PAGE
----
pipe up
  1. (intransitive) To speak up, especially in a robust, assertive manner; to say something suddenly.
    • 1883, Robert Louis Stevenson, Treasure Island:
      "You seem to have a lot to say," remarked Silver, spitting far into the air. "Pipe up and let me hear it, or lay to."
    • 1994, Haruki Murakami, Dance Dance Dance:
      Once I asked a seventeen-year-old singer something that wasn't on the list, which caused her manager to pipe up: "That wasn't what we agreed on. She doesn't have to answer that."
  2. (intransitive) To being singing or playing musical notes on a pipe or similar wind instrument.
    • 1871, Louisa May Alcott, Little Men, ch. 12:
      [T]he frogs in a neighboring marsh began to pipe up for the evening concert.
    • 1907, Mark Twain, Chapters from My Autobiography, ch. 16:
      But presently the gray dawn stole over the world, the birds piped up, then the sun rose and poured light and comfort all around.
  3. (intransitive, of wind, etc.) To begin to blow more vigorously.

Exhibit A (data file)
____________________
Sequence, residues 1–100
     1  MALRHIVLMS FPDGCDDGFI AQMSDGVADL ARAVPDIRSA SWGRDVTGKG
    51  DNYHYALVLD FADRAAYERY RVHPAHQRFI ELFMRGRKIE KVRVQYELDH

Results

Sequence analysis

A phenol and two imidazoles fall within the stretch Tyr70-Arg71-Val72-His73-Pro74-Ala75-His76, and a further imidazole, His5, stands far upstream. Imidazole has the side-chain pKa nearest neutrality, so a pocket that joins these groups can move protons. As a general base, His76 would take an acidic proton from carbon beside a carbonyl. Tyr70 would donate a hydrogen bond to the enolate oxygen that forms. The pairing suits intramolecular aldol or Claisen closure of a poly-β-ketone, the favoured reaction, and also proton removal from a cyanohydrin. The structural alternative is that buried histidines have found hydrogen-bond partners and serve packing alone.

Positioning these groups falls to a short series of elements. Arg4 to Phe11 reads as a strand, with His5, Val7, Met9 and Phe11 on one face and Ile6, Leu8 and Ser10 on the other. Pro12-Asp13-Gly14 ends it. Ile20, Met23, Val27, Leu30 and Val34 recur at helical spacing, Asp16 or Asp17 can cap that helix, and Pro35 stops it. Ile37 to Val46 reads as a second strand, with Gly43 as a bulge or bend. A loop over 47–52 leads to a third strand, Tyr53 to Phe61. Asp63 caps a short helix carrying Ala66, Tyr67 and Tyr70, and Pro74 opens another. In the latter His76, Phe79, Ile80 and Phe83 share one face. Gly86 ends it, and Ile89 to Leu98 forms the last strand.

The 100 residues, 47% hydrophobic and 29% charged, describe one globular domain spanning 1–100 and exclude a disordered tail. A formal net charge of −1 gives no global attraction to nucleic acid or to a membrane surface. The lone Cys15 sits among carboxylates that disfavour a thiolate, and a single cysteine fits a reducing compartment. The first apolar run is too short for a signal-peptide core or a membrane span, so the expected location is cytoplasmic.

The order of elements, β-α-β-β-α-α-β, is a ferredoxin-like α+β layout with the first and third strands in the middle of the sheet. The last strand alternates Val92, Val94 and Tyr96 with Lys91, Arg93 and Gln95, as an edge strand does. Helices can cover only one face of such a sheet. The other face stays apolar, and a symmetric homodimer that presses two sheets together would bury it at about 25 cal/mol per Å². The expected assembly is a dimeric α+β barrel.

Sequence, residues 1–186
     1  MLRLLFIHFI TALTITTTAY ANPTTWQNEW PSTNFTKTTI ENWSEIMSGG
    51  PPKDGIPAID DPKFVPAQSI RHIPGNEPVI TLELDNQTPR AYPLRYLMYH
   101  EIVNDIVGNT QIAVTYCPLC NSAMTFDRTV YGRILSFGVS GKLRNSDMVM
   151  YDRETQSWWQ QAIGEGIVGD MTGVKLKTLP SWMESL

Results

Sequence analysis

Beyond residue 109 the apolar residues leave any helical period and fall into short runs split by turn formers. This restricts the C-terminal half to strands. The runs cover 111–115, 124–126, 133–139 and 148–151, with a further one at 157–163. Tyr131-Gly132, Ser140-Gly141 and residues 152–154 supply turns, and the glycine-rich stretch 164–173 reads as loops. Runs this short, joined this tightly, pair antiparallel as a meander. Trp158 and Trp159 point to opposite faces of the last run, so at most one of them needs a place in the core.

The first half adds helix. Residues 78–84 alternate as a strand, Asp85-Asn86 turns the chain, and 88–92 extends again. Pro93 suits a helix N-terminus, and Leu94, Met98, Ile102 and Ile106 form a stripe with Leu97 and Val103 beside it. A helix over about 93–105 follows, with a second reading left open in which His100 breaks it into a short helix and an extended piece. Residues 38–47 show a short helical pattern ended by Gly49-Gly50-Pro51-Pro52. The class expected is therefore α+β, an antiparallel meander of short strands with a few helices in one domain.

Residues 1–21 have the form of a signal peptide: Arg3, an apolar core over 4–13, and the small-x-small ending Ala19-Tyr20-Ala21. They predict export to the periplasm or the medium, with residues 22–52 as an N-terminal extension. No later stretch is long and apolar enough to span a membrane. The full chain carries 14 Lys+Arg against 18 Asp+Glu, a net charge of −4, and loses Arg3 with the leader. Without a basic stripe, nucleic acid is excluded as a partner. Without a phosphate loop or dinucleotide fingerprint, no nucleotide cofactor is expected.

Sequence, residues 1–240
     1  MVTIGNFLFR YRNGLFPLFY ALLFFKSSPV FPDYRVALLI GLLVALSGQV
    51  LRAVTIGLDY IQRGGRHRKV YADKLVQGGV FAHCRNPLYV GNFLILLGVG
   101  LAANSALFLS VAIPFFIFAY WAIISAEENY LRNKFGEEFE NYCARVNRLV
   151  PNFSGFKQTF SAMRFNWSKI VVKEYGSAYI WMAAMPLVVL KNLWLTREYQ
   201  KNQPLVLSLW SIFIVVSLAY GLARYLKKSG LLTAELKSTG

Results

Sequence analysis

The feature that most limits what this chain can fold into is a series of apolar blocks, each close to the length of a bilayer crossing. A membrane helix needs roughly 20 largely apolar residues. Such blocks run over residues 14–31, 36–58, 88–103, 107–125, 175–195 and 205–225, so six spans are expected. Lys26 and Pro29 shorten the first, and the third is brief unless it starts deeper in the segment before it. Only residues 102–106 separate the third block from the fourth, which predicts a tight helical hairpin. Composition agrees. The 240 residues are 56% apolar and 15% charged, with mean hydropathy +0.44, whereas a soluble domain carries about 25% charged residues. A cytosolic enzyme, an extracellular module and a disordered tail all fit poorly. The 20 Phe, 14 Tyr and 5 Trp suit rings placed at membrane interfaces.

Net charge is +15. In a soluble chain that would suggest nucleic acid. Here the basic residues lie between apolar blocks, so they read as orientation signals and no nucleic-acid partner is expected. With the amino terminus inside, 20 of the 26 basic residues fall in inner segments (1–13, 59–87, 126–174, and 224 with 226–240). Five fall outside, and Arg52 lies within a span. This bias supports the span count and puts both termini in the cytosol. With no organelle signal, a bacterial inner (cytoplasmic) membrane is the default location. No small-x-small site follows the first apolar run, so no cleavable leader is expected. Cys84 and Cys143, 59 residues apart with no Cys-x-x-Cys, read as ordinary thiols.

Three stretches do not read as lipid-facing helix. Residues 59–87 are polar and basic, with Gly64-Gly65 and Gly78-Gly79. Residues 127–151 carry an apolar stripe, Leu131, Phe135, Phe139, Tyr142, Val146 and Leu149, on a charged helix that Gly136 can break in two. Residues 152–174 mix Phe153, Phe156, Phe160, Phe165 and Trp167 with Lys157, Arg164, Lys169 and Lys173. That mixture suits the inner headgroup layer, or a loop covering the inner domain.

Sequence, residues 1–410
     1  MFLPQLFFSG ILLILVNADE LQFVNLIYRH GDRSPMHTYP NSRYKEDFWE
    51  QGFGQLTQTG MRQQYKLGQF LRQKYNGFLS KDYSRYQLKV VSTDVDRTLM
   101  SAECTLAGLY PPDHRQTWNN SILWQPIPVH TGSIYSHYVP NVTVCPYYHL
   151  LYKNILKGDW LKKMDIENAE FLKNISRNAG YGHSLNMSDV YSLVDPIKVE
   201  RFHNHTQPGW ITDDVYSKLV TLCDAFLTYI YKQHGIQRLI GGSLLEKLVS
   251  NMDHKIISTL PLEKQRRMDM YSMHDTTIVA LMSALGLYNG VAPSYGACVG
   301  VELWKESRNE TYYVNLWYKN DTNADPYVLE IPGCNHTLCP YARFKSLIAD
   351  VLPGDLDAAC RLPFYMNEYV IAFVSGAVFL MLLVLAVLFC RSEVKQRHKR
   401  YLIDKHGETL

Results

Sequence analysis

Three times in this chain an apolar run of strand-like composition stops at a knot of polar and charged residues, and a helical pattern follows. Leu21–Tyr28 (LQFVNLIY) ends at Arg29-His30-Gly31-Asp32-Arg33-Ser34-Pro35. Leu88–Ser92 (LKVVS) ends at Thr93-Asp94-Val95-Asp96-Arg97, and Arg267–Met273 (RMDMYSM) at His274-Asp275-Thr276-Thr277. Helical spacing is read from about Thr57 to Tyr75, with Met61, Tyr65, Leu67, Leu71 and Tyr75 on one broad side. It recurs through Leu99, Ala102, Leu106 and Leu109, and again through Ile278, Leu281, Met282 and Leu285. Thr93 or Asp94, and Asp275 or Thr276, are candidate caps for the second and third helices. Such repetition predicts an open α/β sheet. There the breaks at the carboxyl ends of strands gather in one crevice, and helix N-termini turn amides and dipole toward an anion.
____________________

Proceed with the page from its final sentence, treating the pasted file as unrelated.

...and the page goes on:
• 1911, Jack London, "Make Westing" in When God Laughs and Other Stories:
      Once, for ten minutes, the sun shone at midday, and ten minutes afterward a new gale was piping up.
  4. (transitive, rare) To call, awaken, or summon, as with a musical instrument.
    • 1898, J. Meade Falkner, Moonfleet, chapter 5:
      Yet beyond turning my blood cold for a moment, it gave me little trouble, for evil tales have hung about the church; and though I did not set much store by the old yarns of Blackbeard piping up his crew, yet I thought strange things might well go on among the graves at night. And so I never budged, nor stirred hand or foot to save a fellow-creature in his agony.

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